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CHISINAU (Moldova), October 28 (SeeNews) - More than 10 candidates vie for the votes of Moldovans favouring closer ties with the EU, while voters supporting the pro-Russian option have a single candidate for president, which makes them stronger, Moldovan political analyst, journalist and writer Petru Bogatu said.
Voters in Moldova are and will remain split along the EU-Russia divide when they go to the polls on Sunday, Bogatu told SeeNews in an emailed interview.
A third of the voters are pro-European, another third are nostalgic of the times of the USSR or are Russia sympathizers, while yet another third are apolitical, marginal and undecided, oscillating left or right, he added.
“As the credibility of the actors who dominated the political scene in recent years has fallen, people want a substantial change. The populist and opportunist elements, which are now in the spotlight, are taking advantage of the situation and are adding to their politic capital,” Bogatu opined.
Moldova will hold its first direct presidential elections in 16 years after the Constitutional Court ruled in March that the head of state will be elected by popular vote. Since 2000, the Moldovan president has been elected for a four-year term by 60% majority in the 101-seat parliament. Incumbent president Nicolae Timofti, a former judge, was elected in 2012 as the first president with no party affiliation, but had the support of the pro-Russian Socialist Party, PSRM, to get into office.
A poll conducted by the Moldovan Institute of Public Policies (IPP) earlier this month showed the opposition Socialist candidate, PSRM leader Igor Dodon, ranking first with 27% support.
Maia Sandu, leader of pro-EU Action and Solidarity Party (PAS) which is not represented in parliament, followed with 9.3% support. Andrei Nastase, leader of another party outside of the current parliament, the center-right Dignity and Truth civic platform (DA), ranked third with 8% support.
Nastase withdrew from the presidential race earlier this month and said he would support Maia Sandu.
Democratic Party (PD) leader Marian Lupu ranked fourth with a 7.5% score but on Wednesday he withdrew his candidacy, too, saying that Maia Sandu stands a bigger chance to defeat Dodon.
The IPP poll, for which 1,109 adults were interviewed, has a margin of error of +/-2.8%.
Bogatu said elections in Moldova over the past decade have been "free and broadly correct" - an estimate also made by international observers.
“I do not see why the situation should escalate in 2016,” he said.
While Dodon counts on the pro-Russian and undecided voters and has no one to compete against for their support at his side of the track, at least 10 candidates vie for the votes of pro-European Moldovans. The most notable candidates are former prime minister and Liberal Democrat Party (PLDM) member Iurie Leanca, former president (August 2009 - December 2010) and Liberal Party (PL) leader Mihai Ghimpu, and Unionist Party candidate Ana Gutu, all credited with scores below 2% in the IPP poll.
“This conglomerate has its forces scattered and that is why there is no absolute favourite of the pro-Western electorate,” Bogatu said.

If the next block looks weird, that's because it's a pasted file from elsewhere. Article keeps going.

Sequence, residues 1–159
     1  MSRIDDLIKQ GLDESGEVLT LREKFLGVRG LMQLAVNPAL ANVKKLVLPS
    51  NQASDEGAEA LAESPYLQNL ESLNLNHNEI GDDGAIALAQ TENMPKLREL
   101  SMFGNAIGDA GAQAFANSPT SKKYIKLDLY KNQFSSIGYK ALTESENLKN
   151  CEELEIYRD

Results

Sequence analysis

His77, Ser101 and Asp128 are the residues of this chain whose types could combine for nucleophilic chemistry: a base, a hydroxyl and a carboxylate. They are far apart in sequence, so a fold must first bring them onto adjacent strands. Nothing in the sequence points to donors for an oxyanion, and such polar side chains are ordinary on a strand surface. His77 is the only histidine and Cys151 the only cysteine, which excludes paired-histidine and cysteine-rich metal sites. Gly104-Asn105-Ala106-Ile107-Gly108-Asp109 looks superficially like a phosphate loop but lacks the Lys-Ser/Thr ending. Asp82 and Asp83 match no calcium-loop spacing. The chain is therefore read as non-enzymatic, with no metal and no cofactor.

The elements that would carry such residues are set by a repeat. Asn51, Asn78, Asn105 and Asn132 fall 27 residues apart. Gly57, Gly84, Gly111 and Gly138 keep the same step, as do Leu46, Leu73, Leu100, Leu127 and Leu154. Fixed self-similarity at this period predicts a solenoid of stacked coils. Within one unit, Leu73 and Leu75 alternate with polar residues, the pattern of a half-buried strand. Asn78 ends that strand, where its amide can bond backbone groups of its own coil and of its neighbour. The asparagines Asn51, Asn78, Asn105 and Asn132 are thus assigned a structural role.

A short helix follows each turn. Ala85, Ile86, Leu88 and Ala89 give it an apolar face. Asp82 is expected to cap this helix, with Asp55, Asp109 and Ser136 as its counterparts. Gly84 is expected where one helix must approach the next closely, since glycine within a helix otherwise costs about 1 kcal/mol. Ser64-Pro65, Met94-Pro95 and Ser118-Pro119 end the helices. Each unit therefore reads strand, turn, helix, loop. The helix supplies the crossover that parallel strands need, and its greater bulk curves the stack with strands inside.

According to Bogatu, who had contributed analyses for American publisher and global intelligence company Stratfor, Maia Sandu is not the single candidate of right-wing voters, as she is also a representative of Nastase’s DA platform, which is not seen as a centre-right party.
However, Maia Sandu is a new face not involved in shady deals and therefore enjoys a certain degree of confidence among the pro-European electorate.
“For now, she has the biggest chances to qualify for a run-off, if there will be one”, said Bogatu, who is among the authors of a collection of political essays on 2009 anti-Communist protests in Moldova, "Twitter Revolution. Episode One: Moldova".
Another factor, which is discrediting pro-Western forces and giving populists and pro-Russian elements a boost in the race, is the banking fraud that took place during the tenure of a pro-EU government in 2014, Bogatu added.
Moldova has been trying to cope with a major banking crisis since November 2014, when about $1 billion (915 million euro) mysteriously disappeared from three of the country's banks. The sum is equal to about 16% of the impoverished ex-Soviet state's 2015 gross domestic product.
“The $1 billion theft is discrediting politicians who were previously voted massively into office, but it is the economic problems in particular that have caused a great disappointment in society. This negatively influences the election campaign and apparently will determine the outcome of the vote,” the analyst commented.
A pro-Russian president elected two years before parliamentary elections will lead to conflict at the top of the pyramid, creating problems for the future prime minister and for the parliamentary majority, Bogatu said.
However, externally and in terms of real politics, the president's influence will be insignificant, as Moldova is a parliamentary republic, and with the levers of executive power held by the government, the president's powers are limited, he added.
Last but not least, when talking about elections in Moldova, "the Europeanisation of Moldova mostly depends on the EU's readiness to open its doors," Bogatu commented.
"For now, the ambiguous position of Brussels on the issue of enlargement induces much confusion and wandering of minds at Chisinau”, he said.